From: David Abrahams (dave_at_[hidden])
Date: 2006-12-13 15:34:13
Tobias Schwinger <tschwinger_at_[hidden]> writes:
>>>2. Get Boost
>>>1.2.3... 4. checkout a branch from the CVS?
>> Why should I give that as an option?
> There are two possible reasons that might or might not matter to you:
> - critical bug fixes can be deployed easily
> - if users fix bugs they can easily create a patch and send us
I don't want to encourage people to use an un-released snapshot of
Boost in the **getting started** guide. Other options can be
>>>maybe an exemplary compiler invocation works better ("I enter
>>>-I... and nothing happens").
>> Do you really think people will copy that line into their shell
>> without even reading the sentence that surrounds it?
> Well, I wouldn't bet on people won't, at least...
> People unfamiliar with a command might not know what "adding to the
> command line" exactly means.
>> If I give an
>> example invocation that will be wrong for some people too:
>> I type "c++ -Ic:\boost" and it tells me: "c++: command not found."
>> I'd rather not be specific if it makes me wrong.
> Still, a concrete example that is "wrong" for most people is often better than hard-to-get abstract wisdom that applies everywhere...
Sorry, I just disagree that it will help overall.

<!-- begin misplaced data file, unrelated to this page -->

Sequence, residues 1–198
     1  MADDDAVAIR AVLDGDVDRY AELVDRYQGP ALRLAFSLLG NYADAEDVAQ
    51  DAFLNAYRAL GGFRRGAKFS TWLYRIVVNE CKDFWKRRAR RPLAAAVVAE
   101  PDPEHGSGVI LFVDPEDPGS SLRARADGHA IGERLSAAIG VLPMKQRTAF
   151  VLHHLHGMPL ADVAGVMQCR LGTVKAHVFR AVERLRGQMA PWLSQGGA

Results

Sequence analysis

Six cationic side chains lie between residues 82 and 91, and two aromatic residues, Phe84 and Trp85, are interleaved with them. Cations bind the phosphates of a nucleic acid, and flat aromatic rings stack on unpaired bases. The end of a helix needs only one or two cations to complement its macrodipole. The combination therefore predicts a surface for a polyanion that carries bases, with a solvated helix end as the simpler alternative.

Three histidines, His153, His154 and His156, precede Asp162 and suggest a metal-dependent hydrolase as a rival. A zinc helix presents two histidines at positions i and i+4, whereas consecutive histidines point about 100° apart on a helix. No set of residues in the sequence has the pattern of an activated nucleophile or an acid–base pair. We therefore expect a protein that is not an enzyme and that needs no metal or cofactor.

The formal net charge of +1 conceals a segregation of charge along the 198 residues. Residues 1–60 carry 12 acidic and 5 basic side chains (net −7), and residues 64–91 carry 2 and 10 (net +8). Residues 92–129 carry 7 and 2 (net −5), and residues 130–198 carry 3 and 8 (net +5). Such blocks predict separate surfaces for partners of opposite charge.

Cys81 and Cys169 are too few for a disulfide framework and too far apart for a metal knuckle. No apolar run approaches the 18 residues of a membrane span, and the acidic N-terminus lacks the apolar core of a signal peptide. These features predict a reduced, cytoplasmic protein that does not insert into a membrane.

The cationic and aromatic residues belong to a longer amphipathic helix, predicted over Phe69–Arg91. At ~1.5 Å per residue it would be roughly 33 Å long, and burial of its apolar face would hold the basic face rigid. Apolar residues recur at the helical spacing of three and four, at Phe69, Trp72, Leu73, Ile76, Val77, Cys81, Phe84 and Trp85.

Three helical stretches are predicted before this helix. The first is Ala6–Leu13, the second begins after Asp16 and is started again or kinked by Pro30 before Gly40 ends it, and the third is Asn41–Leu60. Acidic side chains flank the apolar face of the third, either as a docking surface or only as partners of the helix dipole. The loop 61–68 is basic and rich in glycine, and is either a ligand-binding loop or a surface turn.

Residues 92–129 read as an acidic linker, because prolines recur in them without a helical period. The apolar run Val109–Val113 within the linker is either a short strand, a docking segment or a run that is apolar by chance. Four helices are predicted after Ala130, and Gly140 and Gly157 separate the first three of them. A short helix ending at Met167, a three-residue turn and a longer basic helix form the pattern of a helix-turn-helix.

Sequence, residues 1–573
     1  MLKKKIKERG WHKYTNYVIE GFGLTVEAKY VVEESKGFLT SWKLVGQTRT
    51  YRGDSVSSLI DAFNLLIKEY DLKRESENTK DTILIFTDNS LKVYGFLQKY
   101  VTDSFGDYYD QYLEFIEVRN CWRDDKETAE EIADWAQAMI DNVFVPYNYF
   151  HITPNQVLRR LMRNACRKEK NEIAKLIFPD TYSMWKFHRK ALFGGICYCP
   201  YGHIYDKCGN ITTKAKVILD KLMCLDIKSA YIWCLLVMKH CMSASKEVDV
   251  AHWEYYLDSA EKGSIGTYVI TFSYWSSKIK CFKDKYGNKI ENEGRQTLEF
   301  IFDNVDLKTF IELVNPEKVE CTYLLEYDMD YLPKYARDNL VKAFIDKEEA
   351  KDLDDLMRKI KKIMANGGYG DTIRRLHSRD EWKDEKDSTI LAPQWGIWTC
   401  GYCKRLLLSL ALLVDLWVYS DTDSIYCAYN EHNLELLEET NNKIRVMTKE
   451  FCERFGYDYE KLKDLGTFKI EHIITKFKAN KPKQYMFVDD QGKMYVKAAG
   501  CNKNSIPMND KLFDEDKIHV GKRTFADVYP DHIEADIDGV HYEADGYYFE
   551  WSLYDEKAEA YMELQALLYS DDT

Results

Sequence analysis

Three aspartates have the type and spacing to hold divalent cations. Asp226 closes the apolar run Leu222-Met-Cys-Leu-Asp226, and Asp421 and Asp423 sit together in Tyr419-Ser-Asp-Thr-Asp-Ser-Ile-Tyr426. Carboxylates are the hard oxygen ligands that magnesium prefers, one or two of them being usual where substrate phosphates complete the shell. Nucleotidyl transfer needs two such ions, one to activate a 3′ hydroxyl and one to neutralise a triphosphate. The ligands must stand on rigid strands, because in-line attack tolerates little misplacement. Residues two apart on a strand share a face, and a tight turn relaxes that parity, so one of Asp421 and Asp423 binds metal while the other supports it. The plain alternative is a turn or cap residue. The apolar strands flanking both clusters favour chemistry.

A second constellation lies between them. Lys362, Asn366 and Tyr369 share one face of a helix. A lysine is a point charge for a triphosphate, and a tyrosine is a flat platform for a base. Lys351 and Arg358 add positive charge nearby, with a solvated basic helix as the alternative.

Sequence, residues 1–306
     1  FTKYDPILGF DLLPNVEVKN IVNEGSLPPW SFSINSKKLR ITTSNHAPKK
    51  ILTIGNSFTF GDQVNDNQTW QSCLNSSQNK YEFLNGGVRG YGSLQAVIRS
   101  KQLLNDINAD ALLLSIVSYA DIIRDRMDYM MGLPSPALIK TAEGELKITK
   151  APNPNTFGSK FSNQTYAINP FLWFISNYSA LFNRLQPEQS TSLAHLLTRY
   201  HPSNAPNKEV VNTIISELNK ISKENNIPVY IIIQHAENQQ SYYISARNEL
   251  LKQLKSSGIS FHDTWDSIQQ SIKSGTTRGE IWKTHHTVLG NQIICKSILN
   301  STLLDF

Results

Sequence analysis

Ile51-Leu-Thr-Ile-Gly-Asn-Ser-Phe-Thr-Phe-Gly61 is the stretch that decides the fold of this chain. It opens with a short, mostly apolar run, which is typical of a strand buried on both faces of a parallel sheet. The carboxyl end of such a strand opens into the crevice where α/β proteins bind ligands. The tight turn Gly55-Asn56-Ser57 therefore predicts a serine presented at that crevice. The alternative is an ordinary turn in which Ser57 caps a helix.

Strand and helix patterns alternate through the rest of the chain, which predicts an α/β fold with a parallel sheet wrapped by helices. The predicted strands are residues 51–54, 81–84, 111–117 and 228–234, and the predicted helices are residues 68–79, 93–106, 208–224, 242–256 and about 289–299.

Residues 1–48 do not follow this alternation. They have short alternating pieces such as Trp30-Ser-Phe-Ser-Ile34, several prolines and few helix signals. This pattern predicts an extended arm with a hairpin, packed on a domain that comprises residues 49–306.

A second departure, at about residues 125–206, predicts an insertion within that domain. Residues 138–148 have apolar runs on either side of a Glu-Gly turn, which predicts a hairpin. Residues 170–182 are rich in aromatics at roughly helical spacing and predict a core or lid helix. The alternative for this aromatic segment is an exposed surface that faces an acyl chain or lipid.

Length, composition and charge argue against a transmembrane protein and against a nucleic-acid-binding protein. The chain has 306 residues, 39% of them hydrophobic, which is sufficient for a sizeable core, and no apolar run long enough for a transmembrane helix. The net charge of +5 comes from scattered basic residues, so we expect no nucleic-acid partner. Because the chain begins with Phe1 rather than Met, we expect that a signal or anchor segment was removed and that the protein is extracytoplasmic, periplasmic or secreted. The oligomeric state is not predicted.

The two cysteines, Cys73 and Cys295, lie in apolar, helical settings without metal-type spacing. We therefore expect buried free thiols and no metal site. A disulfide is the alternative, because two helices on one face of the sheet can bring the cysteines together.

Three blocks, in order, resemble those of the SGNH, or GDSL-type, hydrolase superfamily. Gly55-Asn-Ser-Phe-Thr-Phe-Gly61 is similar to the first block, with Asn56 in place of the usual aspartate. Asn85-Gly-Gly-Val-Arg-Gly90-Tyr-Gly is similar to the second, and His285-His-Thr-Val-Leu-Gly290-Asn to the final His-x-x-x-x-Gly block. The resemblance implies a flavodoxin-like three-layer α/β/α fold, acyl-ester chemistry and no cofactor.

>>> "Even Windows users can use forward slashes in #include
>>> directives; your compiler doesn't care".
>>>The recommendation to use forward slashes should be either stronger or left out.
> "Ah, interesting - I'm developing for Windows - so I'll use
> backslashes for consistency with my OS' file system... Didn't know
> that would work, before..."
You're welcome to make that choice.
>> It's not a recommendation. It's a note designed to de-confuse windows
>> users who use the sample code in the tutorial. I don't mean to
>> evangelize the use of forward slashes, so I don't want to strengthen
> Why not?
Because style evangelism is out-of-place and off-purpose in this
> There is only one right and portable way
That sort of position is anathema to me. In some environments,
portability counts for nothing and looking familiar to other Windows
programmers counts for everything.
>> I don't want to leave it out because people will be confused.
> and it isn't clear which one it is.
I can't tell what you're referring to here.
> It might add more confusion than it resolves, elsewhere.
Sorry, I have no idea what you mean.
>> I'm thinking that maybe MacOS programmers who don't know how to use
>> a shell are not a big enough audience to warrant lengthening the
>> tutorial document.
> Isn't there some external document that could be linked to for the
> "cd/ls tutorial"?
That would be great. If you could find me a good and stable link I'd
be grateful. Likewise for Windows, for that matter.
-- Dave Abrahams Boost Consulting www.boost-consulting.com
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